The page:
No, I’m not talking about climate change. Even though I obviously could have, the North West passage is open again this year. No, I’m talking about the international scramble to grab land (read sea bottom) in the Arctic.
The United Nations Law of the Sea gives all the countries around the Arctic bassin until 2014 to stake their claim or earlier if they ratified before 2004. This means we are in for a rush of claims. Norway has already submitted her claim, Russia, Canada and Denmark (Greenland)are ready to do so. What the US will do is uncertain. The US has not ratified the Law of the Sea treaty, while the other countries have.
There is litle doubt that some of the claims will overlap. Certainly more than one country will claim the pole. Russia surely has made her intent clear by planting a flag on the north pole.
With the ice disappearing and the US Geological services claiming that large reserves of petroleum is to be found, there is reason to believe conflict will be many and tough. Lets just hope they do not escalate. Dose.ca writes:
In the latest sign of the rising international political stakes in the Arctic, the top U.S. Coast Guard official has revealed a planned shift in American foreign policy from scientific research to “sovereignty” and “security presence” in Alaskan waters bordering Canadian and Russian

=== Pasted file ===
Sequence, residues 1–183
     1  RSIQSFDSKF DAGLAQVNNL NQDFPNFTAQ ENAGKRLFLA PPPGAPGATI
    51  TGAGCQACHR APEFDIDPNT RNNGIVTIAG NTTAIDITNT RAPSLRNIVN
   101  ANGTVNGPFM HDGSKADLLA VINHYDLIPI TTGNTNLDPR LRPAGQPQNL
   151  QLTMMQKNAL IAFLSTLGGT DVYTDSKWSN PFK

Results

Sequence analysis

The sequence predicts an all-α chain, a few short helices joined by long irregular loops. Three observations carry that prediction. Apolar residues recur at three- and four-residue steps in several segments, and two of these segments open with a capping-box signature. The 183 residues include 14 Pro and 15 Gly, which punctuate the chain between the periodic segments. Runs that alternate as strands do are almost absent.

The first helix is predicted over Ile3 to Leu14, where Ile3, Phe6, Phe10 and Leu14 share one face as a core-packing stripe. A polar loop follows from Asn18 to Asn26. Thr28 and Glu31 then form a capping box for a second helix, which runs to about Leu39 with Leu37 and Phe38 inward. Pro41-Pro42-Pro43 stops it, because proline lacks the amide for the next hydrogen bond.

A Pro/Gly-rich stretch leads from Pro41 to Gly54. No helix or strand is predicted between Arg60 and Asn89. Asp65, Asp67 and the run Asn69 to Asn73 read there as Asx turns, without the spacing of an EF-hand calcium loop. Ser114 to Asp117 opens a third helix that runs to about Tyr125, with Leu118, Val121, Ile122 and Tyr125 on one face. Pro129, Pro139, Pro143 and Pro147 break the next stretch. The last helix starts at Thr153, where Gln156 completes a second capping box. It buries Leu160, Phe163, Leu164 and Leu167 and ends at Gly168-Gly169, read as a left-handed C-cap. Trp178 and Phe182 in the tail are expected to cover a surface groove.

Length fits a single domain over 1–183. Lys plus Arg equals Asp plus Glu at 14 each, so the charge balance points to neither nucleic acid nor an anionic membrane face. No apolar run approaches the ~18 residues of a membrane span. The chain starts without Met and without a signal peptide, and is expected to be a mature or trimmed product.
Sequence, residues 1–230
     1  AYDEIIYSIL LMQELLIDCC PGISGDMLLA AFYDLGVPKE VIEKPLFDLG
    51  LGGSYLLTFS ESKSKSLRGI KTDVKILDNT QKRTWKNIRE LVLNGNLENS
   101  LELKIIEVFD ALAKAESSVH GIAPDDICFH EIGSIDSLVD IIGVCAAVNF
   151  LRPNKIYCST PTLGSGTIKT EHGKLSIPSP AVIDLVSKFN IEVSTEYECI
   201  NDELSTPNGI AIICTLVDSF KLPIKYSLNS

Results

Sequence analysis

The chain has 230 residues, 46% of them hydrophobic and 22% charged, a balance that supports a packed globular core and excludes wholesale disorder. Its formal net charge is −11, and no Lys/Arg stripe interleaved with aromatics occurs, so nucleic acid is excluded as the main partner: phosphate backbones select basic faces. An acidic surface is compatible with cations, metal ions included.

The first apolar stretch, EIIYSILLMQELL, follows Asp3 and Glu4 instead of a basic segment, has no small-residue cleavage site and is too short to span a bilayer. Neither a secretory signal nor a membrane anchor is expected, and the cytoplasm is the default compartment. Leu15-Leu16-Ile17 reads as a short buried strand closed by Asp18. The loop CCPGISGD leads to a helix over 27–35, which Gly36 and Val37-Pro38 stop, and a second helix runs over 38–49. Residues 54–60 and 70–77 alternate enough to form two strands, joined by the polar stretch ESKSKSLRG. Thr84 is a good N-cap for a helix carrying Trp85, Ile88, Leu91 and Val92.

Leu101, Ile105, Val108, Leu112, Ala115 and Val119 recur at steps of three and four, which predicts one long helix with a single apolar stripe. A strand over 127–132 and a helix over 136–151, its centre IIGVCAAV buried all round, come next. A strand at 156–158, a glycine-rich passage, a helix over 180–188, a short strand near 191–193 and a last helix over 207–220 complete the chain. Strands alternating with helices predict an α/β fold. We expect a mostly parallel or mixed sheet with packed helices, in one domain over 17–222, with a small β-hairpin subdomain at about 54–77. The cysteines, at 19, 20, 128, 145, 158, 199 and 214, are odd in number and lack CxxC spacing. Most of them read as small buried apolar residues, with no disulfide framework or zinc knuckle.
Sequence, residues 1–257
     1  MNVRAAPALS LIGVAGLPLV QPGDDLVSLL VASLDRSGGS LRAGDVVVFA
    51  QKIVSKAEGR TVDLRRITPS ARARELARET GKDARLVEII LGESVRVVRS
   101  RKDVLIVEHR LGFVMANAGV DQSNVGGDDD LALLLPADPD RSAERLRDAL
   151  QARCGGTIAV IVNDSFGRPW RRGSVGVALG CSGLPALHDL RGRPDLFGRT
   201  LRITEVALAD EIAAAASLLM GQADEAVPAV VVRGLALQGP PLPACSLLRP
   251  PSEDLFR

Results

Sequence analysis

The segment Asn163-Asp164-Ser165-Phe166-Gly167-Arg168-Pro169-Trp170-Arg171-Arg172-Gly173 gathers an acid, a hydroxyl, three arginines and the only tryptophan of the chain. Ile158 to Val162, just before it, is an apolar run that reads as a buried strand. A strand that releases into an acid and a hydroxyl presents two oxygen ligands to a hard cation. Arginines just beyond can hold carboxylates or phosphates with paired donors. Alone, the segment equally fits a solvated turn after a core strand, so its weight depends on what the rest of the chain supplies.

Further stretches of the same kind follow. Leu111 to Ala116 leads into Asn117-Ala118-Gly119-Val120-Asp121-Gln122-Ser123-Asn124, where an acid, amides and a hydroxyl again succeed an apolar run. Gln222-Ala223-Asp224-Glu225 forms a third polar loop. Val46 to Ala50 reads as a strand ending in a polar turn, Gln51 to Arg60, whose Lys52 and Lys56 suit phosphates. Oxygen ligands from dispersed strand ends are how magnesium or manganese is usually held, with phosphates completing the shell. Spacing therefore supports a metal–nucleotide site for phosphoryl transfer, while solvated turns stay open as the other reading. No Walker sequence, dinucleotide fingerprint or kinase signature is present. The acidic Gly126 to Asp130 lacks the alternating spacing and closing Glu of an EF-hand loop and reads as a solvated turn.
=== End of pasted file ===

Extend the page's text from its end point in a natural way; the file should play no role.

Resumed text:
“The primary mission right now is the maritime boundary line with Russia – keeping foreigners from stealing Alaskan fish,” Rear Admiral. Gene Brooks, head of the U.S. Coast Guard’s operations in Alaska, told the radio network.
…prompted the Conservative government to promise a new year-round icebreaker for Arctic waters and a fleet of up to eight ice-reinforced patrol boats.
But we should be careful not to look at this potential conflict with old cold war glasses. The potential disputes between Canada and the US, Canada and Denmark are equal poignant as the potential conflict between all the Arctic countries and Russia.
However the Telegraph writes that:
As the polar powers have got out their maps in the last couple of years, four of them – Norway, Denmark, Canada, and the USA – have made the unpleasant discovery that the fifth – Russia – is far ahead of the game. As Russian forces consolidate their grip on her messy southern frontier in the aftermath of the war with Georgia, her diplomats, oilmen and military have been pressing their advantage in the north, a border region which is on a far vaster scale but equally confused and disputed.
Cleo Paskal, an Assistant Fellow at Chatham House and an expert on how climate change will affect borders, said: “The Russians have a big head start. Their nuclear submarines have been all over the Arctic for decades, they have 16 icebreaking ships to the Americans’ four, they have a lot of experience and a lot of the right gear.
So as all countries are beefing up their military capabilities in the Arctic, lets just hope the dispute settlement mechanisms in the Law of the Sea treaty will be robust – and enough.